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Editorial: Student Affairs should reassess plan

For every solution to any problem, another problem arises.

Since the arrival of Esther Peralez as Western’s vice president for Student Affairs, several staff veterans have left the employ of Western. There’s no beating around the bush, these people were valuable assets to Western and students loved them. Talk to some students and they might tell you they needed them.

Ellen Kisker, Don Willis and Huey Shi Chew are just three of the people that come to mind. Even though these people worked with different groups of students they all have one thing in common, they worked with them individually and relentlessly.

While the plan to move Student Affairs to a more broad perspective of student development and focus on theories and professional competencies may benefit students, it’s hurting them at the same time. Whether it was helping out with visas, finding non-trads scholarships or staying up late to help set up a concert, these staff members were role models of work ethic.

Every employee at Western is here to make a difference in students’ lives. Whether they are a staff member or a professor, they’re here to mentor and teach in some capacity. The question that needs to be answered is that would Student Affairs rather make a large impact in a few students’ lives or a small impact in a lot of students’ lives?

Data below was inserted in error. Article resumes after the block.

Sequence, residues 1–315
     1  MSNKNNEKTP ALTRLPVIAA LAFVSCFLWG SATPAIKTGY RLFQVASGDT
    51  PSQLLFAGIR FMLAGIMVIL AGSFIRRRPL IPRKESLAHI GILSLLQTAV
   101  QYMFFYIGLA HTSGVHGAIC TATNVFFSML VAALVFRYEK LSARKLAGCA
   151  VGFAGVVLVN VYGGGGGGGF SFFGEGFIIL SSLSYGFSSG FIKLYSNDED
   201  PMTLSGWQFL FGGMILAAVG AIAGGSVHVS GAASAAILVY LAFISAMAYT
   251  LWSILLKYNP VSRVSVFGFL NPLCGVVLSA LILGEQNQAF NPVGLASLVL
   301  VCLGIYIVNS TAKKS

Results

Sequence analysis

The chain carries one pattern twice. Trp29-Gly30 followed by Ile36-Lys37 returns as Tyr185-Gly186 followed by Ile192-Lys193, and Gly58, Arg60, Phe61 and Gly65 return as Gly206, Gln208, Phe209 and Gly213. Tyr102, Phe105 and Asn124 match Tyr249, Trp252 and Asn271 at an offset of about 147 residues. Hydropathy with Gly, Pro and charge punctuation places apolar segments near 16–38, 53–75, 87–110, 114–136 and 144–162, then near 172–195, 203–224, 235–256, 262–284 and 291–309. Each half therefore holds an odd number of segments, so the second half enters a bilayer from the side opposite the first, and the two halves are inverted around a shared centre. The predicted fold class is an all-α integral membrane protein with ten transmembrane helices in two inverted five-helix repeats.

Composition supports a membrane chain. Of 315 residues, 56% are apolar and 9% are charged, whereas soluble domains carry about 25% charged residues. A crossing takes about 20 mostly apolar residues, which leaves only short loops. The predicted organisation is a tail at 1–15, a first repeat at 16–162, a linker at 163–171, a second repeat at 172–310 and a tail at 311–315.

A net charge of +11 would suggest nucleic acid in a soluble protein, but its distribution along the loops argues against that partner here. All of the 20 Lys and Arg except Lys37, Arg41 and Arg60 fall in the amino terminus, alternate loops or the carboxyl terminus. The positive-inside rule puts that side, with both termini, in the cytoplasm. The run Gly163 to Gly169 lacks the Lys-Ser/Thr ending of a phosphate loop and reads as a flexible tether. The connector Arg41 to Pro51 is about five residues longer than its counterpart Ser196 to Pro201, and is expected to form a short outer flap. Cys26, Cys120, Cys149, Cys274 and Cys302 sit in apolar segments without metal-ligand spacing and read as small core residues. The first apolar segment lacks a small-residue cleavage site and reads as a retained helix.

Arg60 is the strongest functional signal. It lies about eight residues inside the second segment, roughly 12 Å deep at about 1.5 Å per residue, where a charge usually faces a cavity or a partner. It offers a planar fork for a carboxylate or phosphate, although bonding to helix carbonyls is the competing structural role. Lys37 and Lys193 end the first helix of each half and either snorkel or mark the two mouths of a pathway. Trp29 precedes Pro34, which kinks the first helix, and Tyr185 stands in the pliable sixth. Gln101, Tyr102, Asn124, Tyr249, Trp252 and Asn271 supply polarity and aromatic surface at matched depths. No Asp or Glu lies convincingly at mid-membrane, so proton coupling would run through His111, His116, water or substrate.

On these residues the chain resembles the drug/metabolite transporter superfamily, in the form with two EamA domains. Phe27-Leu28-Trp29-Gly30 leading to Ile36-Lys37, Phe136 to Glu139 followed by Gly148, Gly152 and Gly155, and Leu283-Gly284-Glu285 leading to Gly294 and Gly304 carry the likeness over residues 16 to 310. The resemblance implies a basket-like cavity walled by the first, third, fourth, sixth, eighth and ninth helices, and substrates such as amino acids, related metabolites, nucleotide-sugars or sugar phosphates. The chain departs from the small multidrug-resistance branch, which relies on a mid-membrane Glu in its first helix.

Sure, it’s important to include everyone, but it’s not like people are getting turned away. Stacey Hersh, a non-trad that worked with Kisker, said that she didn’t just work with non-trads. Any student could use the lounge for support.

It’s understandable that Western doesn’t have the budget to hire someone to focus on all of the individual groups of students, but it’s also a matter of priorities. There are more international students on our campus than there ever has been and maybe they need someone whose sole responsibility is integrating them into American culture. Hands down, non-traditional students are the busiest students on campus. Fifteen credit hours, 20 or 40 hour work week, kids, family, job, house payment—maybe they need someone to cut a little leg work out of the equation for them.

Let’s face it, Western isn’t like any other school in Missouri. Besides the low tuition, our open enrollment policy makes us diverse. Whether you’re coming back to school to retrain your skill sets or Western just happens to be the cheapest 4-year university, you’re here to get a degree, find a job and move on.

For some of us that’s enough, and Student Affairs should respect that. At the same time, students should seize opportunities that Student Affairs offers. While Ellen Kisker was here, she was a resource for non-trads. There are many people like her still here. Need a job; see Mathew Greg. Curious about the different cultures and sub-cultures; see Tay Triggs. Having trouble with stress; visit a counselor.

If the direction that Student Affairs is going is making valuable personnel jump ship, maybe that direction should be reassessed.

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